Statistics question about sample size and misleading information

In my Stats class, I was told n>=20 is the cutoff for useful information. At work, our system is programmed to classify anything under n>=30 as misleading. (We use a lot of customer surveys.)

Which of these, if either, is correct?

• These sorts of cutoffs are more "guidelines" than actual rules. – Alex Becker Aug 19 '13 at 18:06
• Yes, often 20 is sufficient to derive significant results. More important than the data-sizes are the p-values: en.wikipedia.org/wiki/P-value. – badroit Aug 19 '13 at 18:07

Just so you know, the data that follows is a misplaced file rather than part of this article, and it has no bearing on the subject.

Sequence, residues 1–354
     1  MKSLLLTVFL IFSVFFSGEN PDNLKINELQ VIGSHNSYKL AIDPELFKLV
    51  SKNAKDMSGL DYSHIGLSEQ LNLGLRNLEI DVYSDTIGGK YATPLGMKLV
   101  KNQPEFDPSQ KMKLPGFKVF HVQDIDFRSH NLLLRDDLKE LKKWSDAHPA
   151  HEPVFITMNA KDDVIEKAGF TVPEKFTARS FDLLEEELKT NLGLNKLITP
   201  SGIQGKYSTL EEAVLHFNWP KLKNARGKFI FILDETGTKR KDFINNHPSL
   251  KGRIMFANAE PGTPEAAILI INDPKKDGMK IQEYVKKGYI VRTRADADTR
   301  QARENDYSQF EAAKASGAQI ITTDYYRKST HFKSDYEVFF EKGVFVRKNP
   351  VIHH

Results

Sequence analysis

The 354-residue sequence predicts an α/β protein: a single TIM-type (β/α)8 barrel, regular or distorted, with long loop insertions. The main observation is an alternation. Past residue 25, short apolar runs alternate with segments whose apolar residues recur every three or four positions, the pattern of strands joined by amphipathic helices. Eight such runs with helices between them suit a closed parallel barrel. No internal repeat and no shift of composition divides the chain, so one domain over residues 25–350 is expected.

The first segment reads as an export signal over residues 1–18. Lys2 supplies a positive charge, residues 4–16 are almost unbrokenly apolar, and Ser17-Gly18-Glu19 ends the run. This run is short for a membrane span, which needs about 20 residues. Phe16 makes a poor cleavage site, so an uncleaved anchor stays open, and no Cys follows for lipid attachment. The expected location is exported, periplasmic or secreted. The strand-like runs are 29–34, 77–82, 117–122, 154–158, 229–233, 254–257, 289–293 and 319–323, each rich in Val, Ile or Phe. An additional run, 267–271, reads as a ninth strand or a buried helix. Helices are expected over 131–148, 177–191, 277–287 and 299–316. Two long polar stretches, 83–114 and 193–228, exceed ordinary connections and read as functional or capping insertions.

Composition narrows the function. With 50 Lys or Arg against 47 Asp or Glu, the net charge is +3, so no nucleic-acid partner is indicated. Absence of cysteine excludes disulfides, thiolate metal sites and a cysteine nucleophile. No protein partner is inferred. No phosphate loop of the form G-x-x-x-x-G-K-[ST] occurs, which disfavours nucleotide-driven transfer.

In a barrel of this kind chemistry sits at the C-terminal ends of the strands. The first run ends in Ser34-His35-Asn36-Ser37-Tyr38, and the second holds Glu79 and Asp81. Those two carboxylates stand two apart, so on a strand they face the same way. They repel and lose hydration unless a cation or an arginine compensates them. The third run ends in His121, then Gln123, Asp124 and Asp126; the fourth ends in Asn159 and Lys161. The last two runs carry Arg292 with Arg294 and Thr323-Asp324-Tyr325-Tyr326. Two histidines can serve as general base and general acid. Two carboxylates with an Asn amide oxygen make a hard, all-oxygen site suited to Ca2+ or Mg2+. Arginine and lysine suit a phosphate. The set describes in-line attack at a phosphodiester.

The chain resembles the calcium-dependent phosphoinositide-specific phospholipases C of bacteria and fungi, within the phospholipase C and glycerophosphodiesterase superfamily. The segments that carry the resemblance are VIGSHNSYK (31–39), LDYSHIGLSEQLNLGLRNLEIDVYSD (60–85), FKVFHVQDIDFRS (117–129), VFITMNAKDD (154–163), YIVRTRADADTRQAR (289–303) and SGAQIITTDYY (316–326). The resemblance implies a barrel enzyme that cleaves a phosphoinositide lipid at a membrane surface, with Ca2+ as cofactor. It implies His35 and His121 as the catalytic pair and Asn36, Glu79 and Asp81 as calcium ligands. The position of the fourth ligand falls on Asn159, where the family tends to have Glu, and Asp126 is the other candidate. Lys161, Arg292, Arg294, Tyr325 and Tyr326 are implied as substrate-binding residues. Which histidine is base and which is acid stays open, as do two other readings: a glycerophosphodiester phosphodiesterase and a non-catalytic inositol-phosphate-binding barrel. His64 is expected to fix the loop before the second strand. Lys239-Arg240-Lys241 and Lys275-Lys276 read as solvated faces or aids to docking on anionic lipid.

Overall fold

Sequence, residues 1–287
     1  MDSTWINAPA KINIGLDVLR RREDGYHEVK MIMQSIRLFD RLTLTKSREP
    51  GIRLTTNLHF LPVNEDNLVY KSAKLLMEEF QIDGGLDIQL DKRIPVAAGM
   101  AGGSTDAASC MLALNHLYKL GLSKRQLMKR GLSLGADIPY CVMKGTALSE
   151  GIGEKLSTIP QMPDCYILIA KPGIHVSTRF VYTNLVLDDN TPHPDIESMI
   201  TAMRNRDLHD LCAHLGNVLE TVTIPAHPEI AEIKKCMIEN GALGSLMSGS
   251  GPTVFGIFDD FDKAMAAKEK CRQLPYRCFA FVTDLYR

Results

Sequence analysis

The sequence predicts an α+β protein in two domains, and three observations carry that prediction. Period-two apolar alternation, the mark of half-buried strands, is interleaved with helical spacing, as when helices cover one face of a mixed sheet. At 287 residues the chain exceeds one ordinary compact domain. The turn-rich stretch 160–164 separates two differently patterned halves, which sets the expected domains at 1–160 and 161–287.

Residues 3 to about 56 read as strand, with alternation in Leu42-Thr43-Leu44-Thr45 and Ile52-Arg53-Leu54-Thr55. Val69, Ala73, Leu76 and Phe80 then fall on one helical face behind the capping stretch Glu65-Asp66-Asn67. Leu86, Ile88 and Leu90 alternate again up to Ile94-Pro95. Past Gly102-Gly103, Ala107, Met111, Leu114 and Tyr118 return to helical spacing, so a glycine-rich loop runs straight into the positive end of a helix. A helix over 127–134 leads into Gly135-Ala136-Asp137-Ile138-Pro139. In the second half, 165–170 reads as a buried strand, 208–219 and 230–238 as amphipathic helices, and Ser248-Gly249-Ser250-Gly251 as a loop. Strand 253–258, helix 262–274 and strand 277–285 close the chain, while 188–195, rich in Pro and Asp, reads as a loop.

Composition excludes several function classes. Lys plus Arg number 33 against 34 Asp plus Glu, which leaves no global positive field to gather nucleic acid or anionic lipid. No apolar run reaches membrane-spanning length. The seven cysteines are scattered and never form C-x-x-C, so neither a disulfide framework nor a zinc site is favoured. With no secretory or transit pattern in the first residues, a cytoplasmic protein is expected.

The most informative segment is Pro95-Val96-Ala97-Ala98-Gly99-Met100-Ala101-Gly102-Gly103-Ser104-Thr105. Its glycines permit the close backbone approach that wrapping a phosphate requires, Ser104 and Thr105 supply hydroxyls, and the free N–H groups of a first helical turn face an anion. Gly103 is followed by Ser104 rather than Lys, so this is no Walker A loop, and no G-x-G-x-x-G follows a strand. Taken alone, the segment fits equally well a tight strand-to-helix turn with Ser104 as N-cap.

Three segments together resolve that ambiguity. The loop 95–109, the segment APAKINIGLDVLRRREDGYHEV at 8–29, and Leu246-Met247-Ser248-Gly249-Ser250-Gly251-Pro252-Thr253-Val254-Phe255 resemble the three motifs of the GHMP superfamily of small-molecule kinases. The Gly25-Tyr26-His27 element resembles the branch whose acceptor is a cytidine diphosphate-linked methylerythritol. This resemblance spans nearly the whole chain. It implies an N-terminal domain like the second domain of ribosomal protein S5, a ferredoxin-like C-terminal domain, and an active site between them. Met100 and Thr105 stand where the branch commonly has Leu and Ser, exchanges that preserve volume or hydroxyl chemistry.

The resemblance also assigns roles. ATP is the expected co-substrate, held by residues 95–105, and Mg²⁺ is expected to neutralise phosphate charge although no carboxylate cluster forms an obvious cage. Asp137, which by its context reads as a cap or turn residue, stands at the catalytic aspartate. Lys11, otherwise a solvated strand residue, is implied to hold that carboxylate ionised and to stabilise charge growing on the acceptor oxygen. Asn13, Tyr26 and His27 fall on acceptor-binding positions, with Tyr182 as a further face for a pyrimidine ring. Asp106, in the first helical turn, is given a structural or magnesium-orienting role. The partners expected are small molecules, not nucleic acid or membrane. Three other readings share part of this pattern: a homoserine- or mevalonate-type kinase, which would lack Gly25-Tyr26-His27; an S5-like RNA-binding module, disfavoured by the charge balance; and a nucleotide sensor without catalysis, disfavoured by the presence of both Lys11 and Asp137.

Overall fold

For example, let's say I want to see if some function is generating random integers (lets keep it $<2^{32}$) or is generating the same number each time. Let's say I get two outputs from that function and I get 42 twice. Now I can say with high confidence (about 1 in $2^{32}$ probability of being wrong) from a sample size of only 2 that the function is not a random integer generator. I've drawn a useful conclusion with high confidence over 2 data points.
Thus, more important than the data-sizes are the p-values, which tells you the probability of the null hypothesis (in this case, the function returns the same number each time) being true. In the case above, $p = \frac{1}{2^{32}}$. By convention, if $p < 0.05$, the result is considered significant.